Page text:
V.alentin Inzko, the outgoing High Representative of the international community in Bosnia-Herzegovina, goes with a bang. Inzko, who in the twelve years of his time as High Representative only rarely pushed himself to the fore and, at least after complaints from Bosnia, was at times not characterized by excessive presence in Sarajevo, a few days before the end of his mandate he once again had the supposedly sharpest weapon drawn that is available to him.
He applied the “Bonn powers”. These are powers with which high representatives can depose democratically elected politicians in Bosnia, ban the media, repeal or enact laws. By decree, he ordered local politicians to apply a law that was written in his office and which provides for the denial of genocide in Bosnia to be punished with up to five years imprisonment. The decree, signed by Inzko, is dated July 22nd, but was not published until the day after.
Anyone who publicly “approves, denies, grossly trivializes” or justifies a crime in Bosnia that was classified as genocide by the UN war crimes tribunal for the former Yugoslavia, for example, “should be punished with imprisonment of between six months and five years “, So the decree. Anyone who spreads such denials should have to be in prison for at least one year or even at least three years if the public peace could be disturbed by it. According to the decree, three years’ imprisonment is also used to honor legally convicted war criminals or to name public places, such as parks, streets or bridges, after such persons.
The Srebrenica Genocide
In essence, it is about the genocide of Srebrenica in July 1995. In the Bosnian Serb Republic, half of the country controlled by Serbians since the end of the war in Bosnia in November 1995, it is not denied that a crime has occurred in Srebrenica, but the extent of the massacre is systematically played down. In particular, Milorad Dodik, who is a Serbian member of the three-person state presidency of Bosnia-Herzegovina, has been saying, untruthfully and without consequences for him, that there was no genocide in Srebrenica. Several attempts to punish the denial of the Srebrenica genocide by means of a local law had failed due to resistance from Serbian and sometimes Croatian MPs in the Bosnian bicameral system.
It is the first time in many years that the “Bonn powers” have been reapplied. The then High Representative and former Spanish Foreign Minister Carlos Westendorp was responsible for one of the last major applications in 1999. He had removed the then President of the Bosnian Serb Republic, Nikola Poplašen, by decree. Poplašen had refused to appoint Milorad Dodik as prime minister of the Serbian republic. At the time, Dodik was still being promoted by the Office of the High Representative because Western diplomats believed that he would push through their ideas in Bosnia.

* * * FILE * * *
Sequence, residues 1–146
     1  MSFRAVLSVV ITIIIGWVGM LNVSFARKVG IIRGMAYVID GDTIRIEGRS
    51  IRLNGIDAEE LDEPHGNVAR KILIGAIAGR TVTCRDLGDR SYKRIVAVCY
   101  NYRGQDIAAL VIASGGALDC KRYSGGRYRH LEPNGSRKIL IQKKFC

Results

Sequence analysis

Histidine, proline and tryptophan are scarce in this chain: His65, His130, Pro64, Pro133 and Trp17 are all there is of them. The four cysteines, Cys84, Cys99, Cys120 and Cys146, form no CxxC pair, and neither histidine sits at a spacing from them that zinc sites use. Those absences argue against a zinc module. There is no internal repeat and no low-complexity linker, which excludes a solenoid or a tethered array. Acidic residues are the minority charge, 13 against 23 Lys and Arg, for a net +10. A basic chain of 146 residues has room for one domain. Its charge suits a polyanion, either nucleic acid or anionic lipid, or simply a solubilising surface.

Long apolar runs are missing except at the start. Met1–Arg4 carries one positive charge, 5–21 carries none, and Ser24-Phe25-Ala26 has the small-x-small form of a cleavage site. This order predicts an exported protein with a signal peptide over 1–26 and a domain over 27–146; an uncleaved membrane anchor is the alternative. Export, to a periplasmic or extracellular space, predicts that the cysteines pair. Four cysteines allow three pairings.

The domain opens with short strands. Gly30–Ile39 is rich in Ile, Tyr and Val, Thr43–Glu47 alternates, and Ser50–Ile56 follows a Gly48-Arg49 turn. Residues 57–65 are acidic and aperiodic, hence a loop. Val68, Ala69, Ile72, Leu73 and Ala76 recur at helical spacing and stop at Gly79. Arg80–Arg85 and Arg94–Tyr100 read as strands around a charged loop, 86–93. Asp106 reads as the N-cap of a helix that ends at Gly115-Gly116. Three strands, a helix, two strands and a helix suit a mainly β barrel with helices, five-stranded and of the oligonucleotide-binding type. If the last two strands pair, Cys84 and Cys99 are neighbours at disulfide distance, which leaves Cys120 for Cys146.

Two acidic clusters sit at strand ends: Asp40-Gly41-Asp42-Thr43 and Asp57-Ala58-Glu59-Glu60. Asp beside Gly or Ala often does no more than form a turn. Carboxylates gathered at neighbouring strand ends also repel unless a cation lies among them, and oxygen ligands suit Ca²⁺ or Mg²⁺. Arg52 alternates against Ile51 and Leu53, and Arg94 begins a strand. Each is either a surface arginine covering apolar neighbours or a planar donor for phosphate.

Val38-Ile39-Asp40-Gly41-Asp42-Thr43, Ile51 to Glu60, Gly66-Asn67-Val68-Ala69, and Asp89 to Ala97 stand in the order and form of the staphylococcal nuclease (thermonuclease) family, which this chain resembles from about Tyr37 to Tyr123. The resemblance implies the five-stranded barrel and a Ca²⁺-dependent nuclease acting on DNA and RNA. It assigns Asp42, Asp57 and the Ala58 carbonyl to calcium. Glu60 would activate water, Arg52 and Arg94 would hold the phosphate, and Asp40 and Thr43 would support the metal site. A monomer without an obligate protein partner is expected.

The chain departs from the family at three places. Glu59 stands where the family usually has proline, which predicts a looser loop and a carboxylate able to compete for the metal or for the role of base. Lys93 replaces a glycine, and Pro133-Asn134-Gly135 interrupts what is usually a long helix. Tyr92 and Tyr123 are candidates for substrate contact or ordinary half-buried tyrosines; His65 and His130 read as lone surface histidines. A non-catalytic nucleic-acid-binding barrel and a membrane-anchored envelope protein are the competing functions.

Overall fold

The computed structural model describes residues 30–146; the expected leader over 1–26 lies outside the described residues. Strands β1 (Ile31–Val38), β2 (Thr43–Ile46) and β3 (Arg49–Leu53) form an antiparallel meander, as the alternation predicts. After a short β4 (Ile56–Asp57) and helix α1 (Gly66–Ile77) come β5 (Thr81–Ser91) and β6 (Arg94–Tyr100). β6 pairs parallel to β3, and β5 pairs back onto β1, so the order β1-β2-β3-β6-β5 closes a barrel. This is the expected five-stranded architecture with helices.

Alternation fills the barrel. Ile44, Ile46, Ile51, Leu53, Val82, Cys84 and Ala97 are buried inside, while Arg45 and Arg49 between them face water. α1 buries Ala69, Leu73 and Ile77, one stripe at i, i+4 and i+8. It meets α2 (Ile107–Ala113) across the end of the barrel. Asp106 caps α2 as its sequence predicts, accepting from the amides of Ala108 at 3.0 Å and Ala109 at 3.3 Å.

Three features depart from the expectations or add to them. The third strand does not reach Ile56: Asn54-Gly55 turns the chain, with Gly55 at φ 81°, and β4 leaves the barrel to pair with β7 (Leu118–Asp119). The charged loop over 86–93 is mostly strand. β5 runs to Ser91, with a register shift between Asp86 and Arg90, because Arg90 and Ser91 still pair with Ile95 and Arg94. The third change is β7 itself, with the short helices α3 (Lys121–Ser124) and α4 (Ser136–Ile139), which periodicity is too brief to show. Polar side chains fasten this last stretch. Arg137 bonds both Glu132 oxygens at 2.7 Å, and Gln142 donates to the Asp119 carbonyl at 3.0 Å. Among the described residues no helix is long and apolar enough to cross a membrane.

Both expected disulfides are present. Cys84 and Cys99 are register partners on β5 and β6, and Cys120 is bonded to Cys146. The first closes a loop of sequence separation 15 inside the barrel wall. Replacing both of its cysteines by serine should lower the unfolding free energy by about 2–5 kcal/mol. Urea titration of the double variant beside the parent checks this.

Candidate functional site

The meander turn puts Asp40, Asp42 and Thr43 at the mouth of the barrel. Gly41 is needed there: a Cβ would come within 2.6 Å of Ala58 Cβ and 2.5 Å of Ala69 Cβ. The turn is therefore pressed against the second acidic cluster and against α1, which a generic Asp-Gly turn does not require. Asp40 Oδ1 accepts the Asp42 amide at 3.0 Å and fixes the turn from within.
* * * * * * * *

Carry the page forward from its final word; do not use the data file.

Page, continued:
Collection of signatures against the law
A good two decades later, the picture has long since changed. Dodik and the respective High Representatives are determined opponents. Dodik reacted to Friday’s decree as expected: There was no genocide in Srebrenica, the Serbs should not accept such a reading, said the president. He initiated a petition in which this stance “with respect for all victims” should be expressly expressed, and was the first to put his name under it. According to Dodik, signatures against the “imposed law” and his view of Srebrenica are now to be promoted throughout the Serbian republic. Dodik is not alone in this. Draško Stanivukovic, for example, the young mayor of Banja Luka, is a domestic rival of Dodik, but also denies that there was genocide in Srebrenica. The mayor of the largest city of the Bosnian Serbs, Inzkos, commented on the decree that he would not accept someone forcing him to interpret history in a certain way, and no one could put him in jail for it.
Inzko himself was quoted as saying that it was a “decision of conscience” which, after more than twelve years in Sarajevo, prompted him to pass the law shortly before he left. Inzko no longer has to deal with its enforcement. That will be the job of his successor, the former German Agriculture Minister Christian Schmidt (CSU), who will take up his post in Sarajevo on August 1st. It will be instructive to see how Schmidt handles his predecessor’s parting gift. It can be ruled out that Dodik’s petition will get a million signatures, as a nationalist minister in Serbia suggested over the weekend. In the Bosnian Serb Republic there are quite reasonable people who do not doubt the indubitable. But even if Dodik’s petition “only” received 200,000 or 100,000 signatures, the question arises of how to deal with it. The judiciary will hardly be able to initiate 100,000 criminal proceedings, and the High Representative lacks the actual means of power to enforce enactments in the country. That was one of the reasons why they had not been used for many years.